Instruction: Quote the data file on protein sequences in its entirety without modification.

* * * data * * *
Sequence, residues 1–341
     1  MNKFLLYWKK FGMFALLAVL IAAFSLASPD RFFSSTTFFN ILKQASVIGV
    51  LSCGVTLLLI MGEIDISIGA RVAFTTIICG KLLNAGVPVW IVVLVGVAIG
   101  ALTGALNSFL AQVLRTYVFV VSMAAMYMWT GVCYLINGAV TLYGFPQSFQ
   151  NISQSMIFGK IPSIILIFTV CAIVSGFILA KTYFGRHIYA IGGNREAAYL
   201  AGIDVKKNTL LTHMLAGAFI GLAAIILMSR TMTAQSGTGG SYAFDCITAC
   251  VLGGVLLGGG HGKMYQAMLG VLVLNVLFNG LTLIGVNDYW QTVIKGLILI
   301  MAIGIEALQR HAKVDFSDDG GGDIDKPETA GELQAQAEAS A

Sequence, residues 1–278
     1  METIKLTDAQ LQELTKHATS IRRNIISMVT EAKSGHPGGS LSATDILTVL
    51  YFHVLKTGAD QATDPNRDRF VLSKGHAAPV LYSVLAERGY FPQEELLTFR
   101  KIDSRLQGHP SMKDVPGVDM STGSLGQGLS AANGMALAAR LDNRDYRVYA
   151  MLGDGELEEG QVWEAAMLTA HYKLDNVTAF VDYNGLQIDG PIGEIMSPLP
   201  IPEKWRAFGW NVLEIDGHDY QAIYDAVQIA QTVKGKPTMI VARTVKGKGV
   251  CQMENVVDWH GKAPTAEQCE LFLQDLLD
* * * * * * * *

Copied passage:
Sequence, residues 1–341
     1  MNKFLLYWKK FGMFALLAVL IAAFSLASPD RFFSSTTFFN ILKQASVIGV
    51  LSCGVTLLLI MGEIDISIGA RVAFTTIICG KLLNAGVPVW IVVLVGVAIG
   101  ALTGALNSFL AQVLRTYVFV VSMAAMYMWT GVCYLINGAV TLYGFPQSFQ
   151  NISQSMIFGK IPSIILIFTV CAIVSGFILA KTYFGRHIYA IGGNREAAYL
   201  AGIDVKKNTL LTHMLAGAFI GLAAIILMSR TMTAQSGTGG SYAFDCITAC
   251  VLGGVLLGGG HGKMYQAMLG VLVLNVLFNG LTLIGVNDYW QTVIKGLILI
   301  MAIGIEALQR HAKVDFSDDG GGDIDKPETA GELQAQAEAS A

Sequence, residues 1–278
     1  METIKLTDAQ LQELTKHATS IRRNIISMVT EAKSGHPGGS LSATDILTVL
    51  YFHVLKTGAD QATDPNRDRF VLSKGHAAPV LYSVLAERGY FPQEELLTFR
   101  KIDSRLQGHP SMKDVPGVDM STGSLGQGLS AANGMALAAR LDNRDYRVYA
   151  MLGDGELEEG QVWEAAMLTA HYKLDNVTAF VDYNGLQIDG PIGEIMSPLP
   201  IPEKWRAFGW NVLEIDGHDY QAIYDAVQIA QTVKGKPTMI VARTVKGKGV
   251  CQMENVVDWH GKAPTAEQCE LFLQDLLD